In this new feature we will travel virtually around Japan (and abroad) to get to know where our favorite wrestlers are from. Since the impetus for this series of articles was a Twitter conversation with Jason Harris about his favorite wrestler (Harumafuji) and his local fave (Okinoumi), let’s begin with his home Shimane Prefecture (島根県). [As is my wont, I was going to make a snarky, self-deprecating joke about how I wouldn’t even be able to point to Shimane on a map — but instead decided to learn where it is.]
The prefecture is located in Western Japan along the Sea of Japan, opposite Hiroshima-ken which lies on the other side of the Chugoku mountains, along the Inland Sea, and in between Yamaguchi at the Western tip of Honshu and Tottori. Yamaguchi, Shimane, and Tottori form the San’in Region of Japan. Tottori is the least populous prefecture in Japan while Shimane is the second-least. Since Shimane is quite a bit bigger, however, it is very sparsely populated next to my beloved Kochi toward the bottom of the population density league table…above only Hokkaido, Iwate, and Akita. However, because of the mountains, there is not much agricultural production from Shimane.
The Oki Islands, or Okishoto (隠岐諸島), are a cluster of Islands off the coast which are home to several current and former rikishi. The islands are due north from the northern end of the prefecture. The Sea of Japan is famous for its fishing and natural resources…and thus occasional disputes between Japan, North and South Korea. The islands themselves have amazing views and coastlines. There’s a great blog post about the Kuniga Coast Walking Trail.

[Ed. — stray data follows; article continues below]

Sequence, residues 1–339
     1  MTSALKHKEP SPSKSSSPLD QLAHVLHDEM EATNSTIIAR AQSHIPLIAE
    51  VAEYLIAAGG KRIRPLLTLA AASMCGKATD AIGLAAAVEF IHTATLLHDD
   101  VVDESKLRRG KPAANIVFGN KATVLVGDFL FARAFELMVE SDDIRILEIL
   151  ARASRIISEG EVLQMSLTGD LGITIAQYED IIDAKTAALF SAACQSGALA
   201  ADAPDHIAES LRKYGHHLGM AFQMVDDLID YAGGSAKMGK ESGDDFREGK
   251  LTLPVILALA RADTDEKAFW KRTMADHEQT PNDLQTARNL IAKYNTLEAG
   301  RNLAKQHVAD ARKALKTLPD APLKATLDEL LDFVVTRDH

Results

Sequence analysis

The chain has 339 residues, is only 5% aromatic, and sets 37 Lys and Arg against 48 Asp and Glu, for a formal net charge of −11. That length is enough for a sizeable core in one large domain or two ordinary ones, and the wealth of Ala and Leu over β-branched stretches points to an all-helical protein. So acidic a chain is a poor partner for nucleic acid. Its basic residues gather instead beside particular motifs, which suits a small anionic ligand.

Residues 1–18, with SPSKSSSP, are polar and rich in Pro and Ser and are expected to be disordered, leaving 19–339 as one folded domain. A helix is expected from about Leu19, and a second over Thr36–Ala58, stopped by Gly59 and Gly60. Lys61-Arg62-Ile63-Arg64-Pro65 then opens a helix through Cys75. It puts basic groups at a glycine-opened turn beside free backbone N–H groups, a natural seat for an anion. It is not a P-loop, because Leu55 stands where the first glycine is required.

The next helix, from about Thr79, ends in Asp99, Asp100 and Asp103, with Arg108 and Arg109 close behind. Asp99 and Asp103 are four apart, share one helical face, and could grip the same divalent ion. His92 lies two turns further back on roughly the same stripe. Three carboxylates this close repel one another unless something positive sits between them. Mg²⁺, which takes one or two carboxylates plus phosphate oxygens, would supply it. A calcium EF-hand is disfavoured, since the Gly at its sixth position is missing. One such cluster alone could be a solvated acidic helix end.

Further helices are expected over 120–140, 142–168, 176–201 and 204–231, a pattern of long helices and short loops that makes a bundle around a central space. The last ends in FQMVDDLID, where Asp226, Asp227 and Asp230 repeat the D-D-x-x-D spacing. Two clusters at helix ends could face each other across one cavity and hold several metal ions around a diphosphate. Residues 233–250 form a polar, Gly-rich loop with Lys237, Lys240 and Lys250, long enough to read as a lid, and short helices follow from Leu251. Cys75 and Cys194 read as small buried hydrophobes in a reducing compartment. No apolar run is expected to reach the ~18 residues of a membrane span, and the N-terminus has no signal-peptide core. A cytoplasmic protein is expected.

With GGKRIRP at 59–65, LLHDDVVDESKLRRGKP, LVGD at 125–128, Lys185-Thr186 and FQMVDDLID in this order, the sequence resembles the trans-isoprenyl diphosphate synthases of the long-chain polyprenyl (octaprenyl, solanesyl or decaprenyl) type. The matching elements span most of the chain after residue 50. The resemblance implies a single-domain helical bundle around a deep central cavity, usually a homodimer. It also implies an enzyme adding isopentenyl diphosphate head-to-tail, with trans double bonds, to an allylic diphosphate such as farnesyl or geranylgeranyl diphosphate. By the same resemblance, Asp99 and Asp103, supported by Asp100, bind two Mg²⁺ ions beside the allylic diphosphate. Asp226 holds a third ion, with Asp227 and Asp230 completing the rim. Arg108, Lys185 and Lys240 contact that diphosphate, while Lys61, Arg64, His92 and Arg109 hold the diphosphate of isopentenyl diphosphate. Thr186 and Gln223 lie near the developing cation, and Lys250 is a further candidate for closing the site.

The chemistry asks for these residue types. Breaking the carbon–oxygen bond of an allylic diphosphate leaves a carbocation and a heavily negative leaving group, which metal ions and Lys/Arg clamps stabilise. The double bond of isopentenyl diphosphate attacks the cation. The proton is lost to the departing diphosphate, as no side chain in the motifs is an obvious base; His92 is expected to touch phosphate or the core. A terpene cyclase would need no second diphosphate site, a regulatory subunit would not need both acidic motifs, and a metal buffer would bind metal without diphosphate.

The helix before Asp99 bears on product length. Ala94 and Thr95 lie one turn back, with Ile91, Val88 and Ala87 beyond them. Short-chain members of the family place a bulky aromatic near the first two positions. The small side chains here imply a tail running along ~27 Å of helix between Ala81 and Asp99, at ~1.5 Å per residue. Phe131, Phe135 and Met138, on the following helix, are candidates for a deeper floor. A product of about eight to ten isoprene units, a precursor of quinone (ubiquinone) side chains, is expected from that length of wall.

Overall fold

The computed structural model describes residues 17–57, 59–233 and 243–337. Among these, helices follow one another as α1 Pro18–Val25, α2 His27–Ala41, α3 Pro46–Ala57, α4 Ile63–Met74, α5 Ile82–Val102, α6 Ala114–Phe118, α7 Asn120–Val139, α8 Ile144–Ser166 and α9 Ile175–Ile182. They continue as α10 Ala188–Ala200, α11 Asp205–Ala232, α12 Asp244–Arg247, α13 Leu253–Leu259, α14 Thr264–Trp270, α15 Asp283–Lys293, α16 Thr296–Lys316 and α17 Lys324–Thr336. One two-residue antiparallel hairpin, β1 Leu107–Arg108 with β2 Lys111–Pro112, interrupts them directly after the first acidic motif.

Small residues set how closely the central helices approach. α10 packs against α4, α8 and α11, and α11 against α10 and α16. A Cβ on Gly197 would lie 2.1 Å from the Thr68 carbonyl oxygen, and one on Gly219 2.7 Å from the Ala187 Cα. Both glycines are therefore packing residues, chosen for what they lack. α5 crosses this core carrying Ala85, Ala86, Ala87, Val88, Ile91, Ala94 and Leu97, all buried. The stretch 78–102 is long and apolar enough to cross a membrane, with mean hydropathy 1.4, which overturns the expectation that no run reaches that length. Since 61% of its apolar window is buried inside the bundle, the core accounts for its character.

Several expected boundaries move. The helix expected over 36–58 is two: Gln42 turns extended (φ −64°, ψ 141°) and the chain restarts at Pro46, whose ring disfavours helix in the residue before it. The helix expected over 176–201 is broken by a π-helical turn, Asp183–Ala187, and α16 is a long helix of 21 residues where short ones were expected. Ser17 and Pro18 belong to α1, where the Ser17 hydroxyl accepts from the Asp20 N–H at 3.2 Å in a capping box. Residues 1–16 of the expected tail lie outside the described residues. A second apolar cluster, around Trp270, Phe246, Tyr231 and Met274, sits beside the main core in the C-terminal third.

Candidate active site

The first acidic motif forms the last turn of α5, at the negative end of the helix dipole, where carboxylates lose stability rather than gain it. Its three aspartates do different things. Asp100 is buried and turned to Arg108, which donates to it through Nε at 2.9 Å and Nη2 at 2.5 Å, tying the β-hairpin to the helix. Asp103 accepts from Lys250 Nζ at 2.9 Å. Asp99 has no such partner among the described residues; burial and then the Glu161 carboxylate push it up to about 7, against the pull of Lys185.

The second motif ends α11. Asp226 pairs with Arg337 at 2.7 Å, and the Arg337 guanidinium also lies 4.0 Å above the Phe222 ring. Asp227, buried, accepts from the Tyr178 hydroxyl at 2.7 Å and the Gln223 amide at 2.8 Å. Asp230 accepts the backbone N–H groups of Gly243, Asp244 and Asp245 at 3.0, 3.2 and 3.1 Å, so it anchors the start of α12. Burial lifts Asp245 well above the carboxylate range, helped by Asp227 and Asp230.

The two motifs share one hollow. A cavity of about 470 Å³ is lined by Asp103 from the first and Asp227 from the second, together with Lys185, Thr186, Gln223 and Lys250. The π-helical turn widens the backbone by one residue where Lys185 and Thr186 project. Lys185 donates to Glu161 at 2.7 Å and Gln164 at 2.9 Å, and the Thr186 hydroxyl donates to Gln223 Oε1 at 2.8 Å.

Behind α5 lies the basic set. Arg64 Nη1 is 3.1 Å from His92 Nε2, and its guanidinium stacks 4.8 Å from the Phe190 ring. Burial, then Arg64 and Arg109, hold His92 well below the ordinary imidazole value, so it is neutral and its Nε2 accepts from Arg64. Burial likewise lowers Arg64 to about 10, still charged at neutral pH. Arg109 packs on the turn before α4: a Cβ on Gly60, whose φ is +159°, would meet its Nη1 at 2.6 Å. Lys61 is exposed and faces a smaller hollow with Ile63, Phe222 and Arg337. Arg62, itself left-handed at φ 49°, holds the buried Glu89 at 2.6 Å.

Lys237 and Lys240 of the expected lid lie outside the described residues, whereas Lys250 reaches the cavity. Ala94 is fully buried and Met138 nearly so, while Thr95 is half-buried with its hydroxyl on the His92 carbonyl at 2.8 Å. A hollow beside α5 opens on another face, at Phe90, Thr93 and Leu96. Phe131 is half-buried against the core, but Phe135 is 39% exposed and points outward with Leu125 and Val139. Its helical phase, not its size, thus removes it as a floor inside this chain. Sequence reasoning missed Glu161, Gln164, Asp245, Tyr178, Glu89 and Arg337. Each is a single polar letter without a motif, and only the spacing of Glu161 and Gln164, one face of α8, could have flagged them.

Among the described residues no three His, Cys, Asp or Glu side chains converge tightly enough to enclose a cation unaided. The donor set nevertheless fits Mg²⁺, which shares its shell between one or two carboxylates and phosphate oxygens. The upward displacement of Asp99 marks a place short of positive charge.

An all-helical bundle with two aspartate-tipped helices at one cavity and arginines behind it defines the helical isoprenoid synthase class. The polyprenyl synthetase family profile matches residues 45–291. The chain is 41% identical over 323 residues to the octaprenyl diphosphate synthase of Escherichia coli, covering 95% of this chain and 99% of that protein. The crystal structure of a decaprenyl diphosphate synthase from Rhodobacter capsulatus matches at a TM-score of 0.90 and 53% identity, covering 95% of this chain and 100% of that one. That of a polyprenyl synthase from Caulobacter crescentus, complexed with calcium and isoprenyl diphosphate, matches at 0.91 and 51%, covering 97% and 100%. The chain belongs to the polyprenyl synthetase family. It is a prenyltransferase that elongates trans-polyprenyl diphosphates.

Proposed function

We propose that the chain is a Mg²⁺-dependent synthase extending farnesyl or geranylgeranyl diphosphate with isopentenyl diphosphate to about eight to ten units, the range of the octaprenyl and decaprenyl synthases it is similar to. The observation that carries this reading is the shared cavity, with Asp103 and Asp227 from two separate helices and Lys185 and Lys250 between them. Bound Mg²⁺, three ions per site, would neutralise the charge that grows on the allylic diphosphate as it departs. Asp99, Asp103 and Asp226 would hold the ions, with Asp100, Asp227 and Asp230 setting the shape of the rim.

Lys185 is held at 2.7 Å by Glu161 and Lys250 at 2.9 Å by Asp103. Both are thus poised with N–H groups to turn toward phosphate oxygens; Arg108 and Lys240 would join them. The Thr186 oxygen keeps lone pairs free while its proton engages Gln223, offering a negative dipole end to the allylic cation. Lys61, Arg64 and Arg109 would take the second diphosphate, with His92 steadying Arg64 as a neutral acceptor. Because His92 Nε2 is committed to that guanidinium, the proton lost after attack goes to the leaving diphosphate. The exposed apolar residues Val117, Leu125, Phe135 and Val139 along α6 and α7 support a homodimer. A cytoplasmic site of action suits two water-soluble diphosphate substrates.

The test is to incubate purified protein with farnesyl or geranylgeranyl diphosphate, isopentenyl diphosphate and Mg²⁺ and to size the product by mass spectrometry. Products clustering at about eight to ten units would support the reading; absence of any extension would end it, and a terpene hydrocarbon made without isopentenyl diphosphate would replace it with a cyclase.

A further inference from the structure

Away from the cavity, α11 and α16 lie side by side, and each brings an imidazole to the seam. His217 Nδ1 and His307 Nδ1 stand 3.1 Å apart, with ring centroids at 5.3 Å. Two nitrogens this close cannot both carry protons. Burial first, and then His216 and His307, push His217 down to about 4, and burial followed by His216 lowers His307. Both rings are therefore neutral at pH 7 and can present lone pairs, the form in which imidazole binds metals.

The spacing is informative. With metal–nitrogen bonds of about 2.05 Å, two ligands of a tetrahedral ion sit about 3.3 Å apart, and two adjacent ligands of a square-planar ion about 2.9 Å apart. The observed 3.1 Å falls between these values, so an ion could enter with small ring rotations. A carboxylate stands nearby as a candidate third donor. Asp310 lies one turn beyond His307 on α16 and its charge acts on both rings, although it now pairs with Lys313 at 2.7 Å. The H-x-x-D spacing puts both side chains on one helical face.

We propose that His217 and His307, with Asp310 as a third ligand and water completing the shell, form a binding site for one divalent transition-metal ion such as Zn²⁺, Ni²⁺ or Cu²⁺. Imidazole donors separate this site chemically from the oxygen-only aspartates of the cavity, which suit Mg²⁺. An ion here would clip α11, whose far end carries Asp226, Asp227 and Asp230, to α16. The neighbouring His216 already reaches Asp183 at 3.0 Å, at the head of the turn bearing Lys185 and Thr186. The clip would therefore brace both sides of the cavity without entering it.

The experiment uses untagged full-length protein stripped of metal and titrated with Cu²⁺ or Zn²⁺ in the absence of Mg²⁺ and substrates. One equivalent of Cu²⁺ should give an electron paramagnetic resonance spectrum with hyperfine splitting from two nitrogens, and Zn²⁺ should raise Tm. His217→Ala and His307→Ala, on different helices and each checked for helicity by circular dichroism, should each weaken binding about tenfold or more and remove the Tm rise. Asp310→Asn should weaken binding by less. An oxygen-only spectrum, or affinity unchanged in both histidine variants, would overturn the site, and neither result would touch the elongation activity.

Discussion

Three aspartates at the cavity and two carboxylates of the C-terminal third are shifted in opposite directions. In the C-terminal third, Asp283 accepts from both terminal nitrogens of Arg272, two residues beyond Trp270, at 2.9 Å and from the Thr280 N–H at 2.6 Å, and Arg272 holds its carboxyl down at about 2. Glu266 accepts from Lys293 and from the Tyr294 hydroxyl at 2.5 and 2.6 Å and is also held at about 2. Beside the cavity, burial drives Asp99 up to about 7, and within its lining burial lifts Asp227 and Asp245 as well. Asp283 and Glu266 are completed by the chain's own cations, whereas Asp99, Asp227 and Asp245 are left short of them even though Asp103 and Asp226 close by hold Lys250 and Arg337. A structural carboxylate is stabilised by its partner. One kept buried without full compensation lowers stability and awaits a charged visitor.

In Japan, and across the world, we’re basically stuck in our living rooms, traveling vicariously by watching travel shows or online. I’m not doing this series to be cruel, I’m doing this to hopefully point out many sumo-related sites to visit when these restrictions are finally lifted. Believe me, when these restrictions are lifted, these “off-the-beaten-path” places will be STARVING FOR SOME LOVE.
Coming back inland from the Oki Islands which I mentioned up in the Geography section, we get to Jason’s top pick, the Izumo Taisha Shrine (出雲大社). The famous shrine itself has a sumo connection as it hosts wanpaku sumo events (kids’ sumo). According to Japan’s Tourism Bureau, Izumo soba is a famous variety of fresh soba noodle that is served in round lacquer-ware instead of square because in the early 20th Century, the police department banned the rectangles as the corners were too difficult to clean. The shrine and temples of Izumo Taisha are close by Jason’s second pick, the Hinomisaki Lighthouse (日御碕灯台).
Also in the Northeast, near the capital of Matsue is the Adachi Museum of Art which has several gardens along with its collection and current art exhibitions. Another really cool feature of the art museum, and keeping with the theme of virtual tourism, is this Live webcam. You can enjoy the garden from your living room…or desk…or phone while sitting in your own garden.